active users in the community.

That sounds like a lot of members to me.

It is, and the growth has largely been from word of mouth, but it is a part of a bigger machine (the Avenged Sevenfold machine), which is why my hubris begs the question, "Why not more people?" (Laughs.)

So, we're trying to spread the gospel. I want to put guitars in people's hands. With a keyboard and a laptop you can make killer music, but there's so much expression and soul in playing a guitar that I don't want to see go away.

The businessman in me is OK with scaling without breaking the bank. And of course there are the inevitable issues you have to fix: Improving the user experience, the third-party integrations that claim to install flawlessly that never do. 

I invest in a lot of startups, and even when they're heavily funded they still go through the same cycle.

We can afford to iterate, but we want to iterate correctly. You have to listen to the community, know what they want, make sure that fits with your vision, and then find the right way to go about it.

It's really about the team. My father, Patrick Vlaskovits (who has been integral to building the site), Avenged: Everything in my life, all the successes in my life, have come from being part of a great team.

Learning to play guitar is an inherently lonely pursuit. Is that why you're stressing the community collaboration aspect?

I'm fairly introverted. When I was growing up, having a community like this at my fingertips would have been really good for me.

If we take a step back for a second, I feel there is a loss of nuance in most video tutorials. Yet nuance, even for a beginner, is everything. B.B. King could make two notes sound incredible. That's why we're closing in on 200 videos so far; 40 or 50 videos can't even scratch the surface of the subtleties you can introduce into your playing. 

Then add in the community. People provide these little eureka moments to other people. And what's really cool is they're teaching people how to learn: Making comments, telling people to try doing something a little differently, telling them to take something a little farther. Getting that ongoing feedback helps add nuance to your playing.

I was surprised by how many people, even beginners, are willing to post videos showing what they've learned. There's no way I would have the guts to do that.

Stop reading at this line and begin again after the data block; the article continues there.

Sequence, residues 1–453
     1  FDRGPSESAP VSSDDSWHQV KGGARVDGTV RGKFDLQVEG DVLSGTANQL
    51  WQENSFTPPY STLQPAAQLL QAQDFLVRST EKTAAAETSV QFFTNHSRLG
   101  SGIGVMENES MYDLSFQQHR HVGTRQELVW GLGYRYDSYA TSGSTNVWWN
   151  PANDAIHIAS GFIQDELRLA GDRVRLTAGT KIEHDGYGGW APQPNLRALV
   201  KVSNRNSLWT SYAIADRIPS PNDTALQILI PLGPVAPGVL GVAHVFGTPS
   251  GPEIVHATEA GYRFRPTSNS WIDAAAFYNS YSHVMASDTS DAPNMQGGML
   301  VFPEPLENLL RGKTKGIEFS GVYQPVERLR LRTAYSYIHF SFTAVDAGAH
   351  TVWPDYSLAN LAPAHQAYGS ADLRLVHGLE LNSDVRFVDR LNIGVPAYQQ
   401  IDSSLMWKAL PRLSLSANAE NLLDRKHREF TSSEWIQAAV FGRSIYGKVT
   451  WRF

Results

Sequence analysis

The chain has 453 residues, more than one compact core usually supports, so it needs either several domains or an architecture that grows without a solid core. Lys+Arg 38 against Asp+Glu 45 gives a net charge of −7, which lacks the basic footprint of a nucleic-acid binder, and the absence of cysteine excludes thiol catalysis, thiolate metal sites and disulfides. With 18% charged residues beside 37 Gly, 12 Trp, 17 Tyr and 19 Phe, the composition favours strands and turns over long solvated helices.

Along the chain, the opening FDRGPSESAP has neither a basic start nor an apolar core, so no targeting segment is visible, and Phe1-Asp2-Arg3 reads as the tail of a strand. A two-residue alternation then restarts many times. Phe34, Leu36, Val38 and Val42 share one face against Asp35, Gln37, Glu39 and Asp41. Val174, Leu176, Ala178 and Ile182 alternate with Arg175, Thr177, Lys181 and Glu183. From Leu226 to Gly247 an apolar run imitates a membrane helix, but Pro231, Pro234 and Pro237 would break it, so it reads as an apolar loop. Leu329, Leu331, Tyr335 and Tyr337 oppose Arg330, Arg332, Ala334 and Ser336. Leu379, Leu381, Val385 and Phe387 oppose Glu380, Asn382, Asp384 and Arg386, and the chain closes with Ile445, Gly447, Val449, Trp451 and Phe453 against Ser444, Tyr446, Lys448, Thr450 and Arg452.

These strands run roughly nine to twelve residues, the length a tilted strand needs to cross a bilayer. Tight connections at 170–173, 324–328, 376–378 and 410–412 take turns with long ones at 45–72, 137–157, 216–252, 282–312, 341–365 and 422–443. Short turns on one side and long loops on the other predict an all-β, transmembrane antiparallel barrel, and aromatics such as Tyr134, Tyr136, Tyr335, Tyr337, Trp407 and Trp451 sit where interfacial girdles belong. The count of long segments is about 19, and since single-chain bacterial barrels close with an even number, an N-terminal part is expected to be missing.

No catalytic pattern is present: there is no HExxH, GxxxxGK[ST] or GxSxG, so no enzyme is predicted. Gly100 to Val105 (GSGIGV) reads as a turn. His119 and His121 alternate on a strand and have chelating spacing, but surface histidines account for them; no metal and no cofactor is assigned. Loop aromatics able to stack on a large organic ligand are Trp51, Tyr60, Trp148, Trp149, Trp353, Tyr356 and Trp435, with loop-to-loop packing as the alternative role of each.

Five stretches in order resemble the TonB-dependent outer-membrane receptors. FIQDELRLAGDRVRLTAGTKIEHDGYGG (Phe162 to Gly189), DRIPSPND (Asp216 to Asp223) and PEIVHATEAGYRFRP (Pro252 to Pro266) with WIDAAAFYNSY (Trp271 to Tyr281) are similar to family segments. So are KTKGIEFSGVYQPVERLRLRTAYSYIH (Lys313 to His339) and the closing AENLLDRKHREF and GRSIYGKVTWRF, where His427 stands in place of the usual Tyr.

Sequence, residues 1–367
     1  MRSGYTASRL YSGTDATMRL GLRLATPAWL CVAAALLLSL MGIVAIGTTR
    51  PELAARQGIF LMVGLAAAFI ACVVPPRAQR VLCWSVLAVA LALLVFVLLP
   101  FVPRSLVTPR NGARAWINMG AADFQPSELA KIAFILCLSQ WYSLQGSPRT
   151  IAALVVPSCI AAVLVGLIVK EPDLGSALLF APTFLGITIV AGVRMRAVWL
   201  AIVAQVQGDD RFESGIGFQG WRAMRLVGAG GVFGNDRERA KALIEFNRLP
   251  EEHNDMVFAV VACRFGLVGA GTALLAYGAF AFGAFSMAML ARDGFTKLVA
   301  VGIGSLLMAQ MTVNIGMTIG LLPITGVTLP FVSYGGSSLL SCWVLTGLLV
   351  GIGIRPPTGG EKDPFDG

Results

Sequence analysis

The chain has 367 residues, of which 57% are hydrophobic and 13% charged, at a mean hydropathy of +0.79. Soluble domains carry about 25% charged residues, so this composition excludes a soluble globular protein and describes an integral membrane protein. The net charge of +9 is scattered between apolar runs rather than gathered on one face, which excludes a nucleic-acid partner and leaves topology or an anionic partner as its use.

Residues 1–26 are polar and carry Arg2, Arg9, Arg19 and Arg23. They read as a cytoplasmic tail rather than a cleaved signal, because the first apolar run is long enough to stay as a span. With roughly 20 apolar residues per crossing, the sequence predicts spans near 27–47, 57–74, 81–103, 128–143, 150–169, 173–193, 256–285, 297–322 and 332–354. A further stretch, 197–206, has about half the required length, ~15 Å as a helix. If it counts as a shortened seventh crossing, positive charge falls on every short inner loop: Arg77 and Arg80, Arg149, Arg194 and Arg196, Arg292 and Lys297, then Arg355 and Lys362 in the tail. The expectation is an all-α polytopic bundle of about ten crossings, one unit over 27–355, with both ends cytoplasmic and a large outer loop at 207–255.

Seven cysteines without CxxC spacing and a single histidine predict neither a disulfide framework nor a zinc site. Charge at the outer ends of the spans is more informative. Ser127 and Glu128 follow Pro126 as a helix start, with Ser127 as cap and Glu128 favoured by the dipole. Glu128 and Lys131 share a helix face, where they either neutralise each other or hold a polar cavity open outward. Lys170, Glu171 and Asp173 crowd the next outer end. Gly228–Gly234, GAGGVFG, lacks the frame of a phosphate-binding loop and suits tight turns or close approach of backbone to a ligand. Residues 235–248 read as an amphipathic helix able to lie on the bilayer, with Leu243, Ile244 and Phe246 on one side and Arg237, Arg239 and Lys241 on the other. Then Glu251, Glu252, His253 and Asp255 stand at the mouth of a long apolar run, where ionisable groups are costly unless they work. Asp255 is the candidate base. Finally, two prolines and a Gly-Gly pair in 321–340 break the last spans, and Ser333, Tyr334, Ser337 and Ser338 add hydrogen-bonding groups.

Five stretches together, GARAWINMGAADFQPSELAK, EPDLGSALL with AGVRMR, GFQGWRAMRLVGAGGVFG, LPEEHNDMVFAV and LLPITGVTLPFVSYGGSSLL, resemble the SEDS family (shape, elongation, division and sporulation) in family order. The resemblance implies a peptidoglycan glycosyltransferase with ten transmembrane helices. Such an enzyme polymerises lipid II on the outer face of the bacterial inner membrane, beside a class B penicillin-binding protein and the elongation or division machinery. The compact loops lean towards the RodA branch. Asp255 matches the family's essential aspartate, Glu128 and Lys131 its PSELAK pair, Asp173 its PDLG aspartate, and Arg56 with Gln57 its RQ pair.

The community helps build confidence. There are people who would be paralyzed with fright at the thought of playing in front of other people, but they feel safe squeaking out a few lines on video.

And then the community pounces on it in a really positive way. The amount of support the community provides is incredible.

I have a zero-tolerance policy: No trolling, no denigration -- first-time infractions will be immediately removed. But I haven't had to remove one person.

It's unlike anything I've experienced. Guitar players are notoriously catty. But our community isn't. It's really cool.

Speaking of cool, it has to be fun to do this with your dad.
I feel like the luckiest guy on earth, especially as I approach old age. (Laughs.)

When I was a kid I would never have wanted to do something like this. I didn't appreciate my father's gift, and certainly didn't appreciate the closeness of our relationship, which is even cooler.

But it also makes sense: All my ventures are based on doing business with friends and family, and to do that successfully, without problems or repercussions or losing 
relationships. Working together has made those relationships even better. 

What are your longer-term goals for the guitar school?

I recently met a cool guy who used to work at a huge tech company, and he said, "They're extremely successful, but they don't have a north star."

I've found a really bright north start with the guitar school. I want to put guitars and education in the hands of lots of people.

But what I'm also really excited about is if -- and this is the real magic if I can make it happen -- I can help our members be able to monetize the school. That would be a glorious day: Beginners paying other beginners for lessons, spotlighting star pupils at any level, letting people help other people, and making a little money from doing it. Allowing these kids' intellectual property to create a financial model for them.

If people can learn, and meet people, and also make money as well, that would be an absolute game-changer and truly be the epitome of an ecosystem.

Of course, the site would still be free. But if you want a one-on-one lesson, if you want to go outside of the forum and into somebody's living room, physically or virtually, that should be worth something. People shouldn't be afraid to monetize their expertise. 

You invest in startups, and I feel sure people pitch you simply because of who you are. What do you look for?
I look for new and exciting technology, but if the investment is about money, money, money then I'm looking at team, team, team.

As for being pitched, that was flattering at first. What's funny, though, is that my portfolio includes a lot of high-risk startups, but now that I've put money into myself with this school, it's kind of bewildering that I didn't do that before.

If I'm going to make a high-risk investment, why not make a high-risk investment in myself?

But that seemed too narcissistic. Or maybe I didn't have enough confidence. Or maybe I was just too shy. But I believe in what I'm doing, and the happiness of the community is incredibly rewarding, especially with the beginners and what they're gaining from it.

So yeah: If you're going to take a risk, take a risk on yourself. No one will care as much as you do.

And it's a lot more fun.